The amount of money you could claim for your Noise-Induced Hearing Loss will depend on:
- the extent of your injury, and
- any financial losses or costs you have incurred.
At the start of your claim, your solicitor will consider the many ways your Noise-Induced Hearing Loss has affected your life. Your solicitor will take all of these effects into account to calculate the correct compensation award for you.
This calculation will factor in 'general damages' and 'special damages'.
General damages are awarded for pain, suffering and loss of amenity (PSLA).
Awards for general damages are set by the Judicial College and published in their guidelines for personal injury awards.
Special damages are for financial losses and expenses you have incurred as a result of the accident.
What can I claim for after a Noise-Induced Hearing Loss? (see list)
Examples of special damages (losses you can claim for) include:
- Lost earnings (including future earnings)
- Medical treatment costs
- Travel costs
- Costs of care
- Costs of adapting your home or car
Noise-Induced Hearing Loss compensation amounts
The following Noise-Induced Hearing Loss payouts refer to the Guidelines for the Assessment of General Damages in Personal Injury Cases, Fifteenth Edition by the Judicial College.These tables are used by solicitors or by the courts as a starting point when calculating your compensation.
|Hearing loss||Minor||Minor deafness or tinnitus||Up to £5,590|
|Hearing loss||Moderate||Moderate deafness or tinnitus||£10,040 to £11,890|
|Hearing loss||Serious||Total loss in one ear||£24,950 to £36,310|
|Hearing loss||Serious||Serious deafness or tinnitus||£11,890 to £23,670|
|Hearing loss||Severe||Severe deafness or tinnitus||£23,670 to £36,310|
|Hearing loss||Very Severe||Total deafness||£72,330 to £87,410|
What is the average injury compensation for a Noise-Induced Hearing Loss claim?
The Judicial College injury tables give a approximate idea of the ranges awarded for different injuries.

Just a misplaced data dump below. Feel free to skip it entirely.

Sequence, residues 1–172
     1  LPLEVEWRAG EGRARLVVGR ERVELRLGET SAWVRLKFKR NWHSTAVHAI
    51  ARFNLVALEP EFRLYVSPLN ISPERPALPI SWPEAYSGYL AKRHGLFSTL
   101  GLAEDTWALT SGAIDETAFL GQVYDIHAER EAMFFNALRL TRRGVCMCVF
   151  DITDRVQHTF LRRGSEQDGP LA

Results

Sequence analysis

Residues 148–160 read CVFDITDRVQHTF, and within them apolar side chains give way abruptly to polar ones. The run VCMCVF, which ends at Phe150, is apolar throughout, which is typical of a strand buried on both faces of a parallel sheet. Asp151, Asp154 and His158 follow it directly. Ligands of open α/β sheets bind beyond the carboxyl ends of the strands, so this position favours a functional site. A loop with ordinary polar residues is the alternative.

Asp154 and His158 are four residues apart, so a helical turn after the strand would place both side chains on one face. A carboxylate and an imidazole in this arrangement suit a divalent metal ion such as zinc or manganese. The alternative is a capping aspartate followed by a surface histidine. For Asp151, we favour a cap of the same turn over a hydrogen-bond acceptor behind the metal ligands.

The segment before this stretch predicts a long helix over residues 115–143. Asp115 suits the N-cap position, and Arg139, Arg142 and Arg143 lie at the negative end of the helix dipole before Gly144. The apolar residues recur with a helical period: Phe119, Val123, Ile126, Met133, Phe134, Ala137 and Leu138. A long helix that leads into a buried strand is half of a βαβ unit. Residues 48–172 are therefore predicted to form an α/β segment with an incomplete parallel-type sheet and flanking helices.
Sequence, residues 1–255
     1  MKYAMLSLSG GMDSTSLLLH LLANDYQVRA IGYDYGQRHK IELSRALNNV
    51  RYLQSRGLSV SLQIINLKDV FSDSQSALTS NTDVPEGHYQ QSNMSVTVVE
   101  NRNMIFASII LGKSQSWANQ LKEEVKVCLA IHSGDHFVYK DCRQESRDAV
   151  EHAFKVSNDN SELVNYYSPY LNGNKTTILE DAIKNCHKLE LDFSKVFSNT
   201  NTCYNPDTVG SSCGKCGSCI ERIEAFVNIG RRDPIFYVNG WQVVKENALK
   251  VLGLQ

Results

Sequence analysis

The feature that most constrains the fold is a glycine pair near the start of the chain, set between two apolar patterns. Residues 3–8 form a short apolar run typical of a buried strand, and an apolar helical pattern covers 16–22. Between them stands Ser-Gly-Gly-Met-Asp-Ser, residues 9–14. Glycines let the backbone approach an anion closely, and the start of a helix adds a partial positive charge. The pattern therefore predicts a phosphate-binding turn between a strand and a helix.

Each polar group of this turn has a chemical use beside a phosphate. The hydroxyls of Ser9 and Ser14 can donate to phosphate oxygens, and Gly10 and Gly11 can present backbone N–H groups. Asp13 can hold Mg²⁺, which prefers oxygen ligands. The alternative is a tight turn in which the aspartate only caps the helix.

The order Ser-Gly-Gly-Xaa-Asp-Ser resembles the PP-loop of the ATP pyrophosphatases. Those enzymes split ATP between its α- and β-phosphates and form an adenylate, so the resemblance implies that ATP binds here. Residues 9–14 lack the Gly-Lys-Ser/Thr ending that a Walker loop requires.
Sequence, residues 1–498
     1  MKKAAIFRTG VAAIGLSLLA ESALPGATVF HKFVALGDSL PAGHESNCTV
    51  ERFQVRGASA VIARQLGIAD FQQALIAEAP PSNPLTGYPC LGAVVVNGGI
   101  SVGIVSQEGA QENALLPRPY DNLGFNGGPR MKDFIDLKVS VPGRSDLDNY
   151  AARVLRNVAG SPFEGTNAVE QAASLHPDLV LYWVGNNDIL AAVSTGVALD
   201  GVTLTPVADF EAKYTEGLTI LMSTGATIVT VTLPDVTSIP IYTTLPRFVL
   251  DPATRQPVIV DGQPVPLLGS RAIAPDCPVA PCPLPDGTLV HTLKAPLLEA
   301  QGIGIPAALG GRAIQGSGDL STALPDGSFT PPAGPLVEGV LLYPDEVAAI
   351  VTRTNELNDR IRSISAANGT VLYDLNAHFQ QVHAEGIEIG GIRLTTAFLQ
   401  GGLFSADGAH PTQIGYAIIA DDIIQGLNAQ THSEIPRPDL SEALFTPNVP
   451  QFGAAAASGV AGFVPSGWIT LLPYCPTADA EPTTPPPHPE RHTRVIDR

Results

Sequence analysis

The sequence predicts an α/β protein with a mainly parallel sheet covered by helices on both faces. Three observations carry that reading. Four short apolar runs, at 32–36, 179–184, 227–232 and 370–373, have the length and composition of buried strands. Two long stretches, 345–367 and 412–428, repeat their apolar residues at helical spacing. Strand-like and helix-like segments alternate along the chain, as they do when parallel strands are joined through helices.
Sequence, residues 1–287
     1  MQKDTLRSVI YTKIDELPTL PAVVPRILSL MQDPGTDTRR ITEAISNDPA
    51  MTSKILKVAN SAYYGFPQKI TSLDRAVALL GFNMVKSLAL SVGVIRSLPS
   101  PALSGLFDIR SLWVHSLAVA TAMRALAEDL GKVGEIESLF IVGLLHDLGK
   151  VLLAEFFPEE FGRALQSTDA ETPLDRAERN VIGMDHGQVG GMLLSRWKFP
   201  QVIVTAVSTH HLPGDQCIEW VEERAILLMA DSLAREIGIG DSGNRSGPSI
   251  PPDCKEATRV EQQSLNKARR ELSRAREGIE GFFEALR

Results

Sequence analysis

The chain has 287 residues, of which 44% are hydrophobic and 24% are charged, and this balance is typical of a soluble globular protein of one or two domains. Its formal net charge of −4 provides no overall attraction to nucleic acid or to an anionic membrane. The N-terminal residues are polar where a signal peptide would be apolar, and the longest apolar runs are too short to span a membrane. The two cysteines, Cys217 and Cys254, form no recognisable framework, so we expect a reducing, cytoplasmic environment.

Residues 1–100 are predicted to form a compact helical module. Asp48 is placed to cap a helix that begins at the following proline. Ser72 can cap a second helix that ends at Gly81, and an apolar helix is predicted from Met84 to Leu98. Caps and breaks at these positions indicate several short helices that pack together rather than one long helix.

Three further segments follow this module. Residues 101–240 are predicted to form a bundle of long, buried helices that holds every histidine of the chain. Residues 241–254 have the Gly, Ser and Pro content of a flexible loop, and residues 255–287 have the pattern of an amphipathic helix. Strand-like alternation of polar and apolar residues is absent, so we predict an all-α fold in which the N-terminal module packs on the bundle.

However, the money you would receive following a Noise-Induced Hearing Loss will depend entirely on your specific circumstances.
Your Noise-Induced Hearing Loss compensation will be calculated based on the unique impact your injuries have had on your life and your ability to work, and on the actual financial losses you have incurred as a result of your injuries.
See the injury table above for some examples.
Can I claim for prescription costs?
Special damages are awarded for costs or losses incurred as a result of the noise-induced hearing loss injury. Damages can include loss of earnings, treatment cost and any other 'out-of-pocket' expenses such as prescriptions.
Calculate my Noise-Induced Hearing Loss compensation
Calculating how much compensation you can claim for a Noise-Induced Hearing Loss injury can be complicated.
Our injury compensation calculator tells you if you may have a claim, how much compensation you could claim, and what you can claim for.
Find out what your Noise-Induced Hearing Loss claim could be worth now:
How long does a Noise-Induced Hearing Loss claim take?
The length of time needed to settle a NIHL claim can vary significantly.
For example, a straightforward liability accepted injury claim could be settled in a few weeks. However, if liability is denied a compensation claim can take significantly longer. Usually, an injury claim will take 4 to 9 months. See more: How long will my claim take?
Caring and sensitive support
Your solicitor will handle your Noise-Induced Hearing Loss claim from the initial consultation through to the financial settlement. In addition, your solicitor will work with other specialists to help you with:
- Financial support: interim payments while you are unable to work.
- Advice: on personal injury trusts, tax and welfare benefits.
- Coordination: with rehabilitation providers and therapists.
- Access: to treatment and therapies not always available on the NHS.
No win, no fee
With a no win, no fee agreement (known as a 'Conditional Fee Agreement' or 'CFA') you can make a Noise-Induced Hearing Loss claim without the worry of upfront legal fees. If your Noise-Induced Hearing Loss claim is unsuccessful you won't have to pay any money to your solicitor.
Our no win, no fee promise
Our no win, no fee guarantee means there is absolutely no financial risk in making a Noise-Induced Hearing Loss claim - even if you don't win your claim. Read more about making a No win, no fee claim
What do I pay if I win my Noise-Induced Hearing Loss claim?